From the way I have described the two categories, it is not hard to see how an analytic sentence could be a priori. It would be enough (or almost enough) if grasp of S's meaning carried with it an ability to intellectually contemplate worlds c.a.a. and to decide on the basis of that contemplation whether S comes out true or false.
By the same token, it not hard to see either how an analytic sentence could fail to be a priori. It would be enough (or almost enough) if grasp of S's meaning meaning by this whatever it takes to be competent with S did not carry with an ability to intellectually contemplate worlds-c.a.a. and to decide on the basis of that contemplation whether S comes out true or false. One way for this to happen is if grasp of S's meaning takes the form of an ability to tell whether S is true when confronted in the right sort of way, not with a representation of the relevant circumstances, but with the circumstances themselves.
The point of the facical example was to illustrate this possibility. "All Fs are facical" is put forward as an example of a sentence that is analytic without being a priori. Because it is not a priori we can imagine it coming out false. Because it is analytic there are no worlds where it does come out false: any worlds where it seems to do so are worlds where it turns out to be another sentence, homonymous but with a different narrow content, that is false. It is easy for us to confuse this with a world where S, meaning what it actually does, to comes out false, just because our grasp of S's meaning does not give us a priori knowledge of what S means, not even in the attenuated sense of giving us the ability to classify worlds as S-verifying or not on an a priori basis.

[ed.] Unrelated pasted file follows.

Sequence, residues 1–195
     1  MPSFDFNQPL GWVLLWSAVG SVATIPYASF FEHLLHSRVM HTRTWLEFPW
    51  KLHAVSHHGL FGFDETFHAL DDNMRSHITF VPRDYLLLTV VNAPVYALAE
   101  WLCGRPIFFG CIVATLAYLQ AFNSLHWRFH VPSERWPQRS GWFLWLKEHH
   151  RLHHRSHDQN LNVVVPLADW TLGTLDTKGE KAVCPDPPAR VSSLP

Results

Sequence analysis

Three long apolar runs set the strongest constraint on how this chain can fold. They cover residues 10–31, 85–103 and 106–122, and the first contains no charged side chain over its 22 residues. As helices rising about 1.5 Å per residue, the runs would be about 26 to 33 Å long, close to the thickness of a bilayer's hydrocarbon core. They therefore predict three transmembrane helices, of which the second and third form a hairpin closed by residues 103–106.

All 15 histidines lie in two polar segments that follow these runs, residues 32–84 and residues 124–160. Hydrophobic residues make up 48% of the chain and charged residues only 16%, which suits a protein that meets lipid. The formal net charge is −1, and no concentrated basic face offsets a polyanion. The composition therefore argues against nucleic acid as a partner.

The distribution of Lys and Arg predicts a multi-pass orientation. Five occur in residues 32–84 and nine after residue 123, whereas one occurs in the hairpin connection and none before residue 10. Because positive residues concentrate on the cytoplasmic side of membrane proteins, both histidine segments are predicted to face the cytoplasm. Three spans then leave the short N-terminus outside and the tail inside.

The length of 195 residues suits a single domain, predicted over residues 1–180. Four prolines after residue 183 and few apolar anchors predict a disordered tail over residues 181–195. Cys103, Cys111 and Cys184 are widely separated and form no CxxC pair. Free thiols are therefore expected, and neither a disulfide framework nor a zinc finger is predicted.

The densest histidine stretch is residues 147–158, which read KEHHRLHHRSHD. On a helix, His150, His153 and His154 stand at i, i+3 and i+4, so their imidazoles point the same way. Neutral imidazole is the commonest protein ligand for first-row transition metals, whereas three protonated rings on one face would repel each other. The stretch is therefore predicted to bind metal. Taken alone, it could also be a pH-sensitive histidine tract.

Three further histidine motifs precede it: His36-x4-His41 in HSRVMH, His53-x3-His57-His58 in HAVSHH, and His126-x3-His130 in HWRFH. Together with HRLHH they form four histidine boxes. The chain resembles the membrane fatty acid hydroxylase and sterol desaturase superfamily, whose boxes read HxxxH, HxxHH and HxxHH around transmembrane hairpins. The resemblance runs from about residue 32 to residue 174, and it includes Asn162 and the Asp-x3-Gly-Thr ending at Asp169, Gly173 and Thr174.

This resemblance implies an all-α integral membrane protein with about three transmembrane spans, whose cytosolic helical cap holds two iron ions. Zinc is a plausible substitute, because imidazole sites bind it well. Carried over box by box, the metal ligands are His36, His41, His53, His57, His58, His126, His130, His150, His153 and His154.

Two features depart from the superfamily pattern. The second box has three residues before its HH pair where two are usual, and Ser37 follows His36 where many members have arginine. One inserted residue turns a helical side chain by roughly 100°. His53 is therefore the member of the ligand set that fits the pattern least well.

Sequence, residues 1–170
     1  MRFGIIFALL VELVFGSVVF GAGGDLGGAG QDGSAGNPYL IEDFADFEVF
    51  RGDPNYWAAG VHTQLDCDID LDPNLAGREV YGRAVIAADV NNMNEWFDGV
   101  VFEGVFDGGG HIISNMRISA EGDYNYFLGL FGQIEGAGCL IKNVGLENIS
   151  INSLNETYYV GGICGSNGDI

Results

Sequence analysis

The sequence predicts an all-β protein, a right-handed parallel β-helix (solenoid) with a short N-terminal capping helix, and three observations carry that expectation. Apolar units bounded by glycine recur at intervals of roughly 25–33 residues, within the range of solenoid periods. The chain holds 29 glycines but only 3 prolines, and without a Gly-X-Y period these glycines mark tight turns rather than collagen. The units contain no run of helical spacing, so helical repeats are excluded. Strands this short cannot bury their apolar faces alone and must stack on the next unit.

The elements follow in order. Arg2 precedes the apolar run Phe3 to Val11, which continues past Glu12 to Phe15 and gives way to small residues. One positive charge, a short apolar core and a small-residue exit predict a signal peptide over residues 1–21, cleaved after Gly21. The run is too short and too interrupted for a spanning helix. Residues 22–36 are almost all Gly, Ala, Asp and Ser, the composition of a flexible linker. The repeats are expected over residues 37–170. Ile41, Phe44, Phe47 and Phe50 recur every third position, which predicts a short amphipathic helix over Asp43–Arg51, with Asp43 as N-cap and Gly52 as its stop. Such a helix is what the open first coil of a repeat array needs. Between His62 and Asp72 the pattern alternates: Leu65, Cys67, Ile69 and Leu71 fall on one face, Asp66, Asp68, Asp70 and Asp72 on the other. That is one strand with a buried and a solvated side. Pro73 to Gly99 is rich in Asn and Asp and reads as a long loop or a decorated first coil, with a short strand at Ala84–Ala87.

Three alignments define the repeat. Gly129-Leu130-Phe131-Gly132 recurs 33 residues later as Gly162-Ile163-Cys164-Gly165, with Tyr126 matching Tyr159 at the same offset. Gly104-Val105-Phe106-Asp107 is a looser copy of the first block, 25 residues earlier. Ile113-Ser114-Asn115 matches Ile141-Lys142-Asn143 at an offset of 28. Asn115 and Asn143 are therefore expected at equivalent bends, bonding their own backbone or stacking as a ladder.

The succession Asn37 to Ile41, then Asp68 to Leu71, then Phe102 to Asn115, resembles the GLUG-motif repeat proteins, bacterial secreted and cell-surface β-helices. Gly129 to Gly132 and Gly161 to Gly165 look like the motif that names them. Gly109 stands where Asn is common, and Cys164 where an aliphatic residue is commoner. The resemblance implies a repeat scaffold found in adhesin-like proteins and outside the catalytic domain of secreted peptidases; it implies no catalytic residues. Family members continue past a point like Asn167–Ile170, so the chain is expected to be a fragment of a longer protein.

Another sentence that might, for all I can see, be analytic but not a priori is "all c-fiber firings are pains." Our grasp of "pain"'s meaning consists in large measure in our ability to recognize pains when presented with them in a first-personal way. Unless one assumes from the start that that it is not an admissible sort of meaning that grasp of meaning has got to take some other form there seems no reason to expect that my competence with "pain" should put me in a position to tell whether there can be c-fiber firings that aren't pains.
As far as I understand Dave's response to all this, he wants to deny the possibility of analytic truths that aren't a priori. This requires him to deny as well that there can be words that operate the way I say "facical" does. He'd prefer to interpret "facical" as expressing the response-dependent concept: x is of the right sort of shape for people like me to see faces in x. I reply that while it is indeed synthetic that Fs are facicalD (facical in Dave's sense), that just shows that "facicalD" has a different sort of narrow content than "facical." Someone who sees a battleship and not a face in the frowny-figure doesn't understand "facical" the way I do.
Perhaps there's a question of whether this is the sort of thing you can stipulate; but if so I'm not seeing it. A word with the narrow meaning I'm proposing for "facical" seems highly possible. There would seem indeed to be well-understood words of English with the right general features. "flowing," "tranquil," "bracing," "mellifluous." The worry, and at this point that's all it is, is that the 2D-theorist will be tempted to distort the intuitive meanings of words like this to make them fit the framework. That's fine; let him/her have the particular words. What would still be lacking is a general reason why words cannot be made to behave the intended way, or hence a reason why analytic truths should be expected to be a priori.